Quantifying the habitat and zoogeomorphic capabilities of spawning European barbel Barbus barbus, a lithophilous cyprinid
journal contributionposted on 23.01.2020, 13:50 authored by C Gutmann Roberts, T Bašić, JR Britton, Stephen RiceStephen Rice, Andrew Pledger
© 2019 The Authors. River Research and Applications published by Wiley Periodicals, Inc. Suitable gravel availability is critical for the spawning success of lithophilous fishes, including redd builders. Redd construction during spawning can alter substrate characteristics, thereby influencing hydraulic conditions and sediment transport, highlighting the importance of spawning as a zoogeomorphic activity. Here, interactions between redd-building fish and their spawning environment were investigated for European barbel Barbus barbus with a comparative approach across three English rivers: Teme (western), Great Ouse (eastern) and Idle (central). Sediment characteristics of spawning habitats were similar across the rivers, including subsurface fine sediment (<2 mm) content (≈20% dry weight), but elevated subsurface silt content and coarser surface sediments were found in the river Teme. Water velocities were similar at spawning sites despite differences in channel width and depth. Redds were characterized by a pit and tailspill, with no differences in surface grain-size characteristics between these and the surrounding riverbed, but with topographic alteration (dimensions and tailspill amplitude) in line with those of salmonids. Estimates of the fraction of the bed that spawning barbel were capable of moving exceeded 97% in all rivers. Estimated reproductive potential varied significantly between the rivers Idle and Teme (3,098 to 9,715 eggs/m2), which was largely due to differences in barbel lengths affecting fecundity. Larger barbel, capable of producing and depositing more eggs, but in more spatially extensive redds, meaning fewer redds per given surface area of riverbed. Predictions of barbel egg mortality based on sand content were low across both rivers. The effects of silt on barbel egg and larvae development are unknown, but the levels detected here would significantly impact salmon egg mortality. Similarities in fish length to redd area and the size of moveable grains by spawning barbel and salmon suggest they have similar geomorphic effects on sediments, although fine sediment tolerance is highly divergent.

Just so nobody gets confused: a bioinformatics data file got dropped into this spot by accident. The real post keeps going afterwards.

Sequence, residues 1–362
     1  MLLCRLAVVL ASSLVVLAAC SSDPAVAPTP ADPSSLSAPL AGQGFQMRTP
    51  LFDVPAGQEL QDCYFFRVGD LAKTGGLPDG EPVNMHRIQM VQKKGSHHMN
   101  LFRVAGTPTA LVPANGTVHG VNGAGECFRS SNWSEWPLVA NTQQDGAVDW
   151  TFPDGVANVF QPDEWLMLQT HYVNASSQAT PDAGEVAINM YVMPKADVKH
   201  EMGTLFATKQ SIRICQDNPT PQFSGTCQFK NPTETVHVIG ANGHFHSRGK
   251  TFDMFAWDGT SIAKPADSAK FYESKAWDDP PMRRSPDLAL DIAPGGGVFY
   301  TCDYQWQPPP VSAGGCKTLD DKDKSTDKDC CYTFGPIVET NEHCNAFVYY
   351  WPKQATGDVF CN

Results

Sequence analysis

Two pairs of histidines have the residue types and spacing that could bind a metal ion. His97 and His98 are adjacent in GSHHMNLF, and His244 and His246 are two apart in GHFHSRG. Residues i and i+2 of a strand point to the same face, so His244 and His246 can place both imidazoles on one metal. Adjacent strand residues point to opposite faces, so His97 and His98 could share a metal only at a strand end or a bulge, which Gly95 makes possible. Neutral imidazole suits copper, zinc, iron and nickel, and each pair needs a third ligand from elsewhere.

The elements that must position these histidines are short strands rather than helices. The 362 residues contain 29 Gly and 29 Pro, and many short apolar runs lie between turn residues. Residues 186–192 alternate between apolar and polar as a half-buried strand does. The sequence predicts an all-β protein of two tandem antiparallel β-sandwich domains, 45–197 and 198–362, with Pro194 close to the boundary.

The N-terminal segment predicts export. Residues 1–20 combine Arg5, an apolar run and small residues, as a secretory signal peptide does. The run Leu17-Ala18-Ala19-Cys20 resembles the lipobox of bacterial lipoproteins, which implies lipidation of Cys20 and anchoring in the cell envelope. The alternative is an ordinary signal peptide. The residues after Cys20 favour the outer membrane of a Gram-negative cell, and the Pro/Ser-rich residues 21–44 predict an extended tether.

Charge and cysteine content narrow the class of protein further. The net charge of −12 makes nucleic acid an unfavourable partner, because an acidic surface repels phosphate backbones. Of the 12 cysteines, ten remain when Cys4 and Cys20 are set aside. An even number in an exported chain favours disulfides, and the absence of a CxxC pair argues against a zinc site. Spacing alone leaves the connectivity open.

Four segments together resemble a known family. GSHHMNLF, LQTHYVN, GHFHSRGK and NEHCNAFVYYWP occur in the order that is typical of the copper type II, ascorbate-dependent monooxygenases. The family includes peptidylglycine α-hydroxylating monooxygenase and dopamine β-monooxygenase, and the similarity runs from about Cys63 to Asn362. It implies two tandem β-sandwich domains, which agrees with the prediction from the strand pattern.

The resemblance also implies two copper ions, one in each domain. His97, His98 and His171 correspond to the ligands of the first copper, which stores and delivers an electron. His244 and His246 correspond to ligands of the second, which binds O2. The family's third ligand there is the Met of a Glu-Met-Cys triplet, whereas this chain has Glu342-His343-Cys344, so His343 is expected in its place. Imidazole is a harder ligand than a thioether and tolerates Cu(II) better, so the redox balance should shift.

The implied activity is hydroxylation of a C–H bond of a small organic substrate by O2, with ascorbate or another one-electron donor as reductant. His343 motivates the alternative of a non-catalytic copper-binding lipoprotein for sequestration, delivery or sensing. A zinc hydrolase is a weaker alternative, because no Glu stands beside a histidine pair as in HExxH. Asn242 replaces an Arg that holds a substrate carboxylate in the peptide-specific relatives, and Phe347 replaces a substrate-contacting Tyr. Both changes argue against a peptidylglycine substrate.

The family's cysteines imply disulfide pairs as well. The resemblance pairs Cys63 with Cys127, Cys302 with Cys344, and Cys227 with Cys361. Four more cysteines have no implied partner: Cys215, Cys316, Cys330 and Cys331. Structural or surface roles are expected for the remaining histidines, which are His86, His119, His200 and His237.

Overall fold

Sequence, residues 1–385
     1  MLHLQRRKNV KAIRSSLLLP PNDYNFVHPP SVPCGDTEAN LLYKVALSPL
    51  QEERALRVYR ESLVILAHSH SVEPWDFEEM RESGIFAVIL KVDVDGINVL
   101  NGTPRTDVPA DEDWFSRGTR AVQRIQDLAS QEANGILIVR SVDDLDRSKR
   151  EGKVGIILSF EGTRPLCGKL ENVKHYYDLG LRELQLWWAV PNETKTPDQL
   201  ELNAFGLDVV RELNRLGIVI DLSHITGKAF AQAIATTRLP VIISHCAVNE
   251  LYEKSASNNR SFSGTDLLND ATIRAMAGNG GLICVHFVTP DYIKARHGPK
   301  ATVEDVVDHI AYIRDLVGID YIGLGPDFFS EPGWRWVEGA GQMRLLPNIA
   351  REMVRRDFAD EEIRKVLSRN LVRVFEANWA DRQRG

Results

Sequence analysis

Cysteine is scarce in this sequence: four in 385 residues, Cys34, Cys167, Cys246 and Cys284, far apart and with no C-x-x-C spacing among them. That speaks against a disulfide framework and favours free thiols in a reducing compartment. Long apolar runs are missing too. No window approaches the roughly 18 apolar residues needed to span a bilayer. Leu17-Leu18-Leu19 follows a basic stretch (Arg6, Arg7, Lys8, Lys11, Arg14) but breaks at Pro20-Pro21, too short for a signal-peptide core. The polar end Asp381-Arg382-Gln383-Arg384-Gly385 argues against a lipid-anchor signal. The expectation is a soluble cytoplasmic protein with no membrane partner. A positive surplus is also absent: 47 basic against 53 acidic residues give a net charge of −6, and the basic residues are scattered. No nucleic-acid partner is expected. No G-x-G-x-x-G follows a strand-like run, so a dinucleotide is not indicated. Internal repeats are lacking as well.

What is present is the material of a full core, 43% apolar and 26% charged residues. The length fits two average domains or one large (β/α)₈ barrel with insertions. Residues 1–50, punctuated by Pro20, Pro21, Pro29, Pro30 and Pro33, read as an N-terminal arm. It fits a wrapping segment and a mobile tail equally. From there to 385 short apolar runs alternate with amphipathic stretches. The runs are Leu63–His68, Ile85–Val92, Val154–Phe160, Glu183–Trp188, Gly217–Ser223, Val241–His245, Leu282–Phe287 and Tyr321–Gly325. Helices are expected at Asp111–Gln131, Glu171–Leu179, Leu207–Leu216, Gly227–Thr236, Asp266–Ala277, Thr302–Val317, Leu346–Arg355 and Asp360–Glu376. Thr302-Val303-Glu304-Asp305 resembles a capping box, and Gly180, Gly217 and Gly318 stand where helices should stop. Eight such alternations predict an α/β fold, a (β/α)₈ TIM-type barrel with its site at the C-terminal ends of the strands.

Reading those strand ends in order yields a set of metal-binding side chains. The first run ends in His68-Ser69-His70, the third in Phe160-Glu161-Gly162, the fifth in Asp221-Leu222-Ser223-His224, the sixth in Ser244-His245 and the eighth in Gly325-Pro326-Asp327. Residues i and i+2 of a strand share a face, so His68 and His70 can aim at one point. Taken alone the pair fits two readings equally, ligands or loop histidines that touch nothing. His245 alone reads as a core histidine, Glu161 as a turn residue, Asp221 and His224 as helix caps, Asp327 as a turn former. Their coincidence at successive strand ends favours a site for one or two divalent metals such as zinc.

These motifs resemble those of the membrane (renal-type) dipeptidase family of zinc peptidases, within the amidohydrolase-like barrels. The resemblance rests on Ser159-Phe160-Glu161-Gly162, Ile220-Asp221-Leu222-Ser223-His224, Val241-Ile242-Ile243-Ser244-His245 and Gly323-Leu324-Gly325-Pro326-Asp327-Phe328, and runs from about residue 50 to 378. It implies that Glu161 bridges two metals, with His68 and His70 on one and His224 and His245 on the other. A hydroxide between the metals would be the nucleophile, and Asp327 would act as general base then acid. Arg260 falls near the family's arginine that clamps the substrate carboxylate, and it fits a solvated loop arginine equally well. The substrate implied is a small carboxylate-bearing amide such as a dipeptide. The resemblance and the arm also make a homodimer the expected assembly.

Severn Rivers Trust
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